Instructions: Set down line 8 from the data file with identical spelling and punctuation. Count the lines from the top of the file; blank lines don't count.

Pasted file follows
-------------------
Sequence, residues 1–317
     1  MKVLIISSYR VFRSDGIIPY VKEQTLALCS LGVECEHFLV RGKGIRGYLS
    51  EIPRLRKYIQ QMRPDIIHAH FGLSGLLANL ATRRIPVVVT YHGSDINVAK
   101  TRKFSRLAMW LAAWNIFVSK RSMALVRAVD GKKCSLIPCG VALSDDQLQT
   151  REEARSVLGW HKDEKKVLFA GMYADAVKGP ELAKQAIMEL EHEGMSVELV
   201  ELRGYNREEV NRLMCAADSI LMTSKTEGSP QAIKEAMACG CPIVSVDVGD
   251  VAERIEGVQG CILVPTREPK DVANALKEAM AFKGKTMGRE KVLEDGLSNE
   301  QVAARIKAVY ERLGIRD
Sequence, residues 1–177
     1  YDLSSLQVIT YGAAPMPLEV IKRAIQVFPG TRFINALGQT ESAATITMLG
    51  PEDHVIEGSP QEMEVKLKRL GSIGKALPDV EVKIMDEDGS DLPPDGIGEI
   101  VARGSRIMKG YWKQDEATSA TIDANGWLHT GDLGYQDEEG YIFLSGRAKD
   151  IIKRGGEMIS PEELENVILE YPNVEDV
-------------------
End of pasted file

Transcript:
   301  QVAARIKAVY ERLGIRD